Body odor often abbreviated as B.O., or bromhidrosis (also called osmidrosis and ozochrotia and known alternatively as Apocrine bromhidrosis, Bromidrosis, Fetid sweat, Body smell, Malodorous sweating, and Osmidrosis) is the smell of bacteria growing on the body. These bacteria multiply rapidly in the presence of sweat, but sweat itself is almost completely odorless to humans. Body odor is associated with the hair, feet, hands, groin (upper medial thigh), anus, skin in general, armpits, genitals, pubic hair, belly button and ears (behind the ears).
Body odor can smell pleasant and specific to the individual, and can be used to identify people, though this is more often done by dogs and other animals than by humans. An individual's body odor is also influenced by diet, gender, genetics, health and medication. Propionic acid (propanoic acid) is present in many sweat samples. This acid is a breakdown product of some amino acids by propionibacteria, which thrive in the ducts of adolescent and adult sebaceous glands. Because propionic acid is chemically similar to acetic acid with similar physical characteristics including odor, body odors may be identified as having a vinegar-like smell by certain people. Isovaleric acid (3-methyl butanoic acid) is the other source of body odor as a result of actions of the bacteria Staphylococcus epidermidis, which is also present in several strong cheese types.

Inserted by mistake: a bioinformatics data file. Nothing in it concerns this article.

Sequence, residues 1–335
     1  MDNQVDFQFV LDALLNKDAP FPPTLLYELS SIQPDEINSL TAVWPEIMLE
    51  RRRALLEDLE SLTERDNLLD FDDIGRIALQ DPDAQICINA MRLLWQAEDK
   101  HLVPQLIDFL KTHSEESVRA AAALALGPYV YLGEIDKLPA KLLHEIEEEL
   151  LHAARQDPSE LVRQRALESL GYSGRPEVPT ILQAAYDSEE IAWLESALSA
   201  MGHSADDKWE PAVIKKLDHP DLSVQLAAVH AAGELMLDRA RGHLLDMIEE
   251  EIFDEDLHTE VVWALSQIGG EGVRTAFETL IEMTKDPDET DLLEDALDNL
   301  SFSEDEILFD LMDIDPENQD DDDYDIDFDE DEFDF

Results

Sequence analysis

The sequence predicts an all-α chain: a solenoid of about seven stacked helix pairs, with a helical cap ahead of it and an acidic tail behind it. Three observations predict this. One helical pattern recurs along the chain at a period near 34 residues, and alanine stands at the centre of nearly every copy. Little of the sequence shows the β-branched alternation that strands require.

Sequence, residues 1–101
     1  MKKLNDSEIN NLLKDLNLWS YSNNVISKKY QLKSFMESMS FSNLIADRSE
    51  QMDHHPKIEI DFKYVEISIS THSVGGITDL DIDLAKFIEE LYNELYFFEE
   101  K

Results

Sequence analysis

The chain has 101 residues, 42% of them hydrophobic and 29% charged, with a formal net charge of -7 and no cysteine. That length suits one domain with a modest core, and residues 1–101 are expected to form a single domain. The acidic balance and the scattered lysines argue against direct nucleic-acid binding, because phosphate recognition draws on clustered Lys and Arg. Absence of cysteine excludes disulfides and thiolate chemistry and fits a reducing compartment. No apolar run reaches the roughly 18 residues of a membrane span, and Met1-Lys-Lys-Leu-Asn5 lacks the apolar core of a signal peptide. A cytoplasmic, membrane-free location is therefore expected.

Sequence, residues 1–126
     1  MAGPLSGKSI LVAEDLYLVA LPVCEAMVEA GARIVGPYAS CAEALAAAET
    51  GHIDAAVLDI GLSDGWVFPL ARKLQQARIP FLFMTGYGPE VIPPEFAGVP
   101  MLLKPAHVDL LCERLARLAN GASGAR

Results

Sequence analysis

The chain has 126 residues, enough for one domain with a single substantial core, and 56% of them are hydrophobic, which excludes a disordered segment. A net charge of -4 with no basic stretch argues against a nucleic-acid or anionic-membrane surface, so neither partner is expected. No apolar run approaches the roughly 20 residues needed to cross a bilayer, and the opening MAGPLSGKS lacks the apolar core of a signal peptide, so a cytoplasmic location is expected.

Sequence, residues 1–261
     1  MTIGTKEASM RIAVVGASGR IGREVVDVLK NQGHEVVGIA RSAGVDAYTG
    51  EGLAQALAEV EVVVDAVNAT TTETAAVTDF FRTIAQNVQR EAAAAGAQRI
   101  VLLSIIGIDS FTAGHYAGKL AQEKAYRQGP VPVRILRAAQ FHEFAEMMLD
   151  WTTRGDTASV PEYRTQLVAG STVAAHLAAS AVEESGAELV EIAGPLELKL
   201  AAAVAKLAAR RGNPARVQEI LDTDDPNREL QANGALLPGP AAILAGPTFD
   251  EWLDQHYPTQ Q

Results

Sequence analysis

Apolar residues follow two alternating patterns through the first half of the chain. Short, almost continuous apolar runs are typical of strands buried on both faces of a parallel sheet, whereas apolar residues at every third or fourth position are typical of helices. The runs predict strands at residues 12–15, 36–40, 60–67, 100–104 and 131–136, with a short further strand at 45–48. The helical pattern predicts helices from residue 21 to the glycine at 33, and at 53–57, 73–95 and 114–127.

Body odor is largely influenced by major histocompatibility complex (MHC) molecules. These are genetically determined and play an important role in immunity of the organism. The vomeronasal organ contains cells sensitive to MHC molecules in a genotype-specific way. Experiments on animals and volunteers have shown that potential sexual partners tend to be perceived more attractive if their MHC composition is substantially different. This behavior pattern promotes variability of the immune system of individuals in the population, thus making the population more robust against new diseases.
A recent study suggests that body odor is genetically determined by a gene that also codes the type of earwax one has. East Asians (those of Chinese, Japanese and Korean descent) have the type of sweat glands which even after hitting puberty still don't produce the chemicals found in the perspiration of other ancestral groups. East Asians evidently have a greater chance of having the 'dry' earwax type and reduced axial sweating and odor. This may be due to adaptation to colder climates.
Body odor perceived as offensive may be reduced or prevented by using deodorants, and although body odor is commonly associated with hygiene, its presentation can be affected by changes in diet as well as those other factors discussed above.